The  only problem with such a beautiful document is there is no traditional table of contents or index.  

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Executive summary from  the pdf

“The target audience for this document includes a wide range of readers who are interested in aspects of sustainable sanitation and their links with other environmental and development topics. Possible readers include practitioners, programme managers, engineers, students, researchers, lecturers, journalists, local government staff members, policy makers and their advisers or entrepreneurs. The emphasis of this document is on developing countries and countries in transition.

The Sustainable Sanitation Alliance (SuSanA) is a loose, informal network of organisations such as NGOs, private companies, governmental and research institutions as well as multilateral organisations that aim to contribute towards achieving the Millennium Development Goals (MDGs) by promoting sustainable sanitation.

Sanitation generally refers to the provision of facilities and services for the safe disposal of human excreta and domestic wastewater. Personal hygiene practices like hand washing with soap are also part of sanitation. Sanitation also includes solid waste management and drainage but these two aspects are not the focus of this publication. In order for a sanitation system to be sustainable, it has to be economically viable, socially acceptable, technically and institutionally appropriate, and protect the environment and natural resources.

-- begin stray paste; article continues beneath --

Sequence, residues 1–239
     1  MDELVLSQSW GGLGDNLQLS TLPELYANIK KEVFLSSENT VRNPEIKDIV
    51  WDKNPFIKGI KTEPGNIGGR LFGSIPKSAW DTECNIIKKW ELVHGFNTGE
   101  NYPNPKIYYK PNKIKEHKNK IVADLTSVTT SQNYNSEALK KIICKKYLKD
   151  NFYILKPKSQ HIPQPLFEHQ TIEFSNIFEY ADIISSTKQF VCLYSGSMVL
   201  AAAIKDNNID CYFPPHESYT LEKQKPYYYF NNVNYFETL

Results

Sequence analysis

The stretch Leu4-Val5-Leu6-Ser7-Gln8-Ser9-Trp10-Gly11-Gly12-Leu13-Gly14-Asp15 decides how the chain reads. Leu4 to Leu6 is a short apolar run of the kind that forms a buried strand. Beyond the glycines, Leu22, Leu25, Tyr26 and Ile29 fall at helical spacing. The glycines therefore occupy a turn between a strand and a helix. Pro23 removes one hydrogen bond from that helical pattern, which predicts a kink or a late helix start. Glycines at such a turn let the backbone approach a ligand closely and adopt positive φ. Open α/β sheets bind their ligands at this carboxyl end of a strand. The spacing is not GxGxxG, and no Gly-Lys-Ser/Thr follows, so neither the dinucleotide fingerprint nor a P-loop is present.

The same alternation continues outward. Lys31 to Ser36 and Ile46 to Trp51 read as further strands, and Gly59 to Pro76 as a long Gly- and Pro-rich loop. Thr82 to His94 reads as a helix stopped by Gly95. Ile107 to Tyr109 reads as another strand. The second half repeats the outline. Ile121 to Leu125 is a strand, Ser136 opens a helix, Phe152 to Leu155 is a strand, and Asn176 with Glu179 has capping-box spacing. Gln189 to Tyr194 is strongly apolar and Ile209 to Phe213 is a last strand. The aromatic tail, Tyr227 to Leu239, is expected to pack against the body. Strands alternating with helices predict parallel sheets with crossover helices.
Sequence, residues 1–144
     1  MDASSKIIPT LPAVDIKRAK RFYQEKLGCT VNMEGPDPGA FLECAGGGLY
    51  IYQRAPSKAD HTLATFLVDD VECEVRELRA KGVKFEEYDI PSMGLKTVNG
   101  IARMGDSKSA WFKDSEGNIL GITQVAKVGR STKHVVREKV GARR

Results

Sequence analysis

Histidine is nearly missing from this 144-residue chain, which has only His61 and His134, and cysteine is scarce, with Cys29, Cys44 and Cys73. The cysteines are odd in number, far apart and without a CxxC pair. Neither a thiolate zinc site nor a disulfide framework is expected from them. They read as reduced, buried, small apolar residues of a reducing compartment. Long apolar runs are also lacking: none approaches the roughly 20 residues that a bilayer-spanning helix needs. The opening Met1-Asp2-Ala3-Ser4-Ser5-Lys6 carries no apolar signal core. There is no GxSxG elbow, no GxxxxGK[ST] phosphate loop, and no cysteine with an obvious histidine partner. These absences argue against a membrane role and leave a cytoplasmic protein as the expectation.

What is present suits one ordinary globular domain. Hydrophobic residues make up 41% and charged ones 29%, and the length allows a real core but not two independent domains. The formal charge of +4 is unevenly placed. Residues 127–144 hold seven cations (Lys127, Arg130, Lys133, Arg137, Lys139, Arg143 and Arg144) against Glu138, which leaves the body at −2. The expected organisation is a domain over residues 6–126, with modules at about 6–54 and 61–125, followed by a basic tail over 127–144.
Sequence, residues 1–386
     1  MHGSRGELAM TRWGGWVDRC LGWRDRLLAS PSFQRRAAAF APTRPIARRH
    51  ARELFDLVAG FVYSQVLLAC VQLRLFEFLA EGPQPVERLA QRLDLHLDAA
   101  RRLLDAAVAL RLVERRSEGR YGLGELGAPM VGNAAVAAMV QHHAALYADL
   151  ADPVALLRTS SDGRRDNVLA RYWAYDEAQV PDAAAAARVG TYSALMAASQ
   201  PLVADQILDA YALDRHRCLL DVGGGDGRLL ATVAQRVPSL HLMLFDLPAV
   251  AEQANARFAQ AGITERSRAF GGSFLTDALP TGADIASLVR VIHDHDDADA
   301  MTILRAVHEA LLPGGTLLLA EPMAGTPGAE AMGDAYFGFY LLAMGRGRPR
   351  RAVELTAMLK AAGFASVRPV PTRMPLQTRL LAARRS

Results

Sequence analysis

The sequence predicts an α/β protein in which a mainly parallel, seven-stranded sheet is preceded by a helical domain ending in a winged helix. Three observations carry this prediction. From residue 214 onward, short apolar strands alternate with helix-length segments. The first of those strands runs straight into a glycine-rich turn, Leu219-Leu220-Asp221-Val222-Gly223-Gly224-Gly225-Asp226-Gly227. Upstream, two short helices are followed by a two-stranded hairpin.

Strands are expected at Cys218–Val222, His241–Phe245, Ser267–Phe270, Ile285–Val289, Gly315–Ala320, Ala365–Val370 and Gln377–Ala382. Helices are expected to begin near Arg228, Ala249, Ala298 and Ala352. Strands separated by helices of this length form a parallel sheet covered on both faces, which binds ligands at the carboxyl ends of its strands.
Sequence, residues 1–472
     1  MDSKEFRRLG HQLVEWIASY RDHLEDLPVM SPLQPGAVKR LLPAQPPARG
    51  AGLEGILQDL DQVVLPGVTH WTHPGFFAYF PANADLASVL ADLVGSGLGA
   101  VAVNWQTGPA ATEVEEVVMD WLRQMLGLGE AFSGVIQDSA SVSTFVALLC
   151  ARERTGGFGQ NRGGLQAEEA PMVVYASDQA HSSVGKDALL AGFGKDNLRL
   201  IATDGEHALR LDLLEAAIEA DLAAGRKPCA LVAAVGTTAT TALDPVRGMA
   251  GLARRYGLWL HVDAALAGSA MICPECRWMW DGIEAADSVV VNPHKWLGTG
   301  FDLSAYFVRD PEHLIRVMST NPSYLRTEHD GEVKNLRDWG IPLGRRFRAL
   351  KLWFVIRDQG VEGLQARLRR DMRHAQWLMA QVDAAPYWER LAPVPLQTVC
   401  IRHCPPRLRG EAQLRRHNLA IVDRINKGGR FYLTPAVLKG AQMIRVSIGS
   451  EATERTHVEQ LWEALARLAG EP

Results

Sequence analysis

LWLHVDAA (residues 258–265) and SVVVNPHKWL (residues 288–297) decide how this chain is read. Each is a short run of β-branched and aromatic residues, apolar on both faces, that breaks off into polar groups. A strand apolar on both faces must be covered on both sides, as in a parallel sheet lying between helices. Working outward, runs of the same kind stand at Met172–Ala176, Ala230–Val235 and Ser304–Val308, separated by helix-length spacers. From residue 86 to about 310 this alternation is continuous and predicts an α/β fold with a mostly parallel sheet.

SuSanA contributes to the policy dialogue towards sustainable sanitation through its resource materials and a lively debate amongst the members during meetings, in the working groups, bilaterally, through joint publications and via various communication tools like the open online discussion forum. This publication showcases the broad knowledge base and state of discussions on relevant topics of sustainable
sanitation. All of the working groups have published one or two factsheets providing a broad guidance relating to their specific thematic area.

The 11 working groups of SuSanA have the following titles:
WG 1 Capacity development
WG 2 Finance and economics
WG 3 Renewable energies and climate change
WG 4 Sanitation systems, technology, hygiene and health
WG 5 Food security and productive sanitation systems
WG 6 Sustainable sanitation for cities and planning
WG 7 Community, rural and schools (with gender and social aspects)
WG 8 Emergency and reconstruction situations
WG 9 Sanitation as a business and public awareness
WG 10 Operation and maintenance
WG 11 Groundwater protection

Due to the inter-relationships between the working groups, the factsheets are inter-related and where appropriate, are cross-referenced. The factsheets relate to different parts of the “sanitation chain”, which consists of user interface, conveyance, collection/storage, treatment, reuse or disposal. We have attempted to visualise the linkages between the different working groups and the sanitation chain in the following schematic. There are some working groups which are dealing with overarching themes and these have been placed inthe centre of the schematic.”

Publisher:

Linking the drops of knowledge to form a stream of WASH information: WATSAN, Sanitation, Water, Hygiene, and Global Health